By ROB W. ANDERSON
Nearly 75 private and public organizations and institutions linked up Wednesday with Northeastern State University students preparing for life after college.
The NSU Career and Graduate School Fair, held in the University Center Ballroom to provide students and recruiters a chance to discuss potential job placement or application requirements for advance degree programs.
Representatives from more than 10 colleges and universities from Arkansas, Oklahoma and Texas attended. Other organizations included government agencies like the Federal Bureau of Investigation, the U.S. Census Bureau and the U.S. Department of Justice.
Ashley Strack, a human relations specialist with the U.S. Veterans Health Administration, said businesses and organizations participate in career fairs to locate graduating students ready to become a part of the immediate workforce. Strack said administration positions are not as difficult to fill, whereas specialized personnel always constitute the target group when recruiting at events like Wednesday’s.
“Colleges are really great to come to, because we can pull them right out of school, shape them and frame them into the federal world, so they understand it,” she said. “It is much different than state or private hospitals.”
Strack noted the VA is the second-largest organization in the United States outside of the Department of Defense, and that most applicants can offer something needed and being sought by recruiters.
“There’s a wide range of disciplines we’re looking for. We love to grab our students who are well-educated and eager to work, but we also like to grab people who have been in the workforce for many years,” she said. “[They] bring in the other aspects of work experience.”
Special Agent Rickey Rains said working for the Federal Bureau of Investigation is challenging and rewarding. It’s a great career, he said.
“It’s a chance to be part of something bigger than yourself to make a difference,” said Rains. “I think, at the end of the day, you feel good about what you’re doing. I think that’s really what most people want to do with their careers – they want to make a difference, and you really do that and have that opportunity in the FBI.”
Rains was on hand to provide information about careers as special agents, as well as professional FBI staff.
“As an agent, you’re going to go the training academy, and you have to be willing to be relocated to any of our 56 field offices around the country,” he said. “On the other side, our professional support staff, they can apply for open positions at a particular field office.”
Because of pending budget cuts, Rains said, the FBI – as is true for many government agencies – is using the recruitment opportunity from the career fair to plant seeds and provide information for potential agents or staff personnel.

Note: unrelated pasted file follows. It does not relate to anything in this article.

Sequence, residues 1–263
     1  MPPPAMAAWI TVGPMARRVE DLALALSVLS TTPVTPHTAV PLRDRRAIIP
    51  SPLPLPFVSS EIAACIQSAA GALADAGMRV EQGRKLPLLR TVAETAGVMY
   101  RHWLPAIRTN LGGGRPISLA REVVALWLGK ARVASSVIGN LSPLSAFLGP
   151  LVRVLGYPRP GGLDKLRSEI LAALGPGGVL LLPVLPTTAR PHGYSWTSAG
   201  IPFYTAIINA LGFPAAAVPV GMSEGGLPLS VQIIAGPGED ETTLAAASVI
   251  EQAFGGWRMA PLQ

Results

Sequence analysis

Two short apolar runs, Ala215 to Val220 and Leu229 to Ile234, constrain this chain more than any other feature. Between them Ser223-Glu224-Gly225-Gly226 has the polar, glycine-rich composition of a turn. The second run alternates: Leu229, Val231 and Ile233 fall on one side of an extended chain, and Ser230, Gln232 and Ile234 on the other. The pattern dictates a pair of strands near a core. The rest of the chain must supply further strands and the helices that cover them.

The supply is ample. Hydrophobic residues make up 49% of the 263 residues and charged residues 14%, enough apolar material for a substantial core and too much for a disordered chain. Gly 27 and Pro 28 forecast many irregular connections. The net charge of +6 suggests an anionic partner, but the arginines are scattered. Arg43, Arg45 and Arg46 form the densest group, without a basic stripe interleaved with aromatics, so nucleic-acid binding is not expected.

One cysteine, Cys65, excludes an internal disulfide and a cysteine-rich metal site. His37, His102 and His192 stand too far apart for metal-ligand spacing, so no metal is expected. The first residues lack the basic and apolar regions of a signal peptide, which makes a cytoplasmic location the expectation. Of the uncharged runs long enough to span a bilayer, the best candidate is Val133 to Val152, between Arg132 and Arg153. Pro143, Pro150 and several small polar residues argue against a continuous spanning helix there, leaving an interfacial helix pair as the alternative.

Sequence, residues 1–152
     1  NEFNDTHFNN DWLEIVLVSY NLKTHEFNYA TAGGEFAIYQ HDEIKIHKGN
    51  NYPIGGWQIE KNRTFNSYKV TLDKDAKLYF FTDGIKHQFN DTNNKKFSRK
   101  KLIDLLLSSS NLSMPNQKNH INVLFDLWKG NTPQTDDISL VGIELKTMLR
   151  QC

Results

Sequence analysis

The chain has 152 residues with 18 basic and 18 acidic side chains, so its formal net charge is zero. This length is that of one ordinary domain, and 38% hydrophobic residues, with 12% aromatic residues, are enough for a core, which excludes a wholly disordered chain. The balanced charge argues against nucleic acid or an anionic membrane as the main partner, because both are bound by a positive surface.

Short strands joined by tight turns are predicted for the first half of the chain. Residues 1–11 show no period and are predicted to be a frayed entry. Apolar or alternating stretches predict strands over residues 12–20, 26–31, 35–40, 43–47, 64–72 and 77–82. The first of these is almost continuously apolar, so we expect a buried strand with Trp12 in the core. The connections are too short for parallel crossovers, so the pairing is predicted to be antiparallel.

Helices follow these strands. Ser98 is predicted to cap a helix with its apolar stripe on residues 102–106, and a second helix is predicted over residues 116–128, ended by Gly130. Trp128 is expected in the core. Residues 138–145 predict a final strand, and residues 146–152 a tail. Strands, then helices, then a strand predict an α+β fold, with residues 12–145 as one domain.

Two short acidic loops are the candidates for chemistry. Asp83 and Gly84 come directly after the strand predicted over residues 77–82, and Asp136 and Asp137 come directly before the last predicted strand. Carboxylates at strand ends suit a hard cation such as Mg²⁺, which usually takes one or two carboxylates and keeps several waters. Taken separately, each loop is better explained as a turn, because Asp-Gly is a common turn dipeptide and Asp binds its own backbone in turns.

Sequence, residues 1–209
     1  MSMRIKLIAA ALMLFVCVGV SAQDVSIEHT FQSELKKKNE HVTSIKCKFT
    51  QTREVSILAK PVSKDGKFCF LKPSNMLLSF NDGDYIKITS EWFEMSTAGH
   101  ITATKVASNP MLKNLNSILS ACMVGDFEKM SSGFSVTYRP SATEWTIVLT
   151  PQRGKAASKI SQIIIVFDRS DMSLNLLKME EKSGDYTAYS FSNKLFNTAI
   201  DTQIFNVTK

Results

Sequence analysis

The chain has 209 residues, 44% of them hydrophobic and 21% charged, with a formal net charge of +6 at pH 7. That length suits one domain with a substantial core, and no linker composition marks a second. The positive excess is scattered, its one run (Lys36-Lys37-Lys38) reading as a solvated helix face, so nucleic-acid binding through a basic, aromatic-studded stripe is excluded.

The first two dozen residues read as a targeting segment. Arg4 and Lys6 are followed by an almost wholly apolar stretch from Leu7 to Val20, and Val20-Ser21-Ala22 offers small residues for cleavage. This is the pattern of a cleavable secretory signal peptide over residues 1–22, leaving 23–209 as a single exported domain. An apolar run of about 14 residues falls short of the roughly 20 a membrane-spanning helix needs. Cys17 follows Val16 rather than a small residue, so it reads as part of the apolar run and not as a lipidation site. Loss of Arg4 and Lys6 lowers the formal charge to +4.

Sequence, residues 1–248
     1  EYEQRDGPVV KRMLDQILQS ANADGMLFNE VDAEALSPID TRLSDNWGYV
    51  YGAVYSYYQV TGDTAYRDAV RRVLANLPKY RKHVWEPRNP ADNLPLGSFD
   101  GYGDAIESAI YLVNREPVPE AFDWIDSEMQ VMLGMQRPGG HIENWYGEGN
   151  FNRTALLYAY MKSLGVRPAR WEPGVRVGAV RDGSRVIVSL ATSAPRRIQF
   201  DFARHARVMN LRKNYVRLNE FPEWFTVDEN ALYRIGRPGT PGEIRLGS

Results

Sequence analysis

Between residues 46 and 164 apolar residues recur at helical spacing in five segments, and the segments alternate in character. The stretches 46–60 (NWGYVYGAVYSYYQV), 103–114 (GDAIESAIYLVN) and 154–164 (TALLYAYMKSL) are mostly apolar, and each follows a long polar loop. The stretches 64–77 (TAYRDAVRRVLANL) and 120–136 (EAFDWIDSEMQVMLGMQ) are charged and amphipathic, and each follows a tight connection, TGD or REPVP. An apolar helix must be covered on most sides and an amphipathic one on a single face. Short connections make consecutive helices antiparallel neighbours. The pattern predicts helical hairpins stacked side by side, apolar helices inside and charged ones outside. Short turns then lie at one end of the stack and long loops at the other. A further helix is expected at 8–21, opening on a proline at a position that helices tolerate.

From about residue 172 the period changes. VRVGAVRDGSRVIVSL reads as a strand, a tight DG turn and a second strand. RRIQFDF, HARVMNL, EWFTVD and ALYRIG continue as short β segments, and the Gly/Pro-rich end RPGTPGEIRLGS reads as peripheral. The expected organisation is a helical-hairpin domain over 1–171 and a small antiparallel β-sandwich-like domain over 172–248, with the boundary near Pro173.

“We, like the rest of the government, are anticipating the budget and trying to determine what funding we’ll have for hiring this year,” he said. “So at this point in time, it’s a little uncertain. For our special agents, generally, they’re going to need some full-time work experience, anyway.”
U.S. Department of State Diplomat-in-Residence Michael Yoder said his employer doesn’t even require the applicant to be college-educated, though most employees have at least a bachelor’s degree.
“And a lot of them have some kind of advanced degree. There’s really no area of particular expertise that you need to have,” he said. “We hire teachers. We hire lawyers. We hire business people, engineers. My background – I had a master of fine arts in play writing. I’m living proof that anybody can get into foreign service.”
Yoder said those who are curious about employment with the U.S. Department of State can log on to www.Careers.State.Gov to take an exam to determine individual viability for the job.
“The foreign service exam is offered three times a year, and there’s no fee for it,” he said. “They’ll even give you sample questions to see how you feel you would do. It’s kind of like ‘Jeopardy,’ in a way. It’s about current events, world geography and history. There’s a series of other steps that you go through before you end up at the interview, either in Washington, D.C., or one of our regional sites. Hopefully, you get a call at the end of your security and background check, saying, ‘Please work for us overseas in the State Department.’”
Supervisory Survey Statistician Marc Klein said the U.S. Census Bureau is looking for statistician analysts, IT specialists, mathematical statisticians and geography contographers.
“We’re looking for students who are graduating in May, and we’re also looking for interns,” he said. “We’re gearing up for what’s called the economic census, where we survey businesses all across the U.S. We do the population census every 10 years, but then every five years, we do an economic census.”
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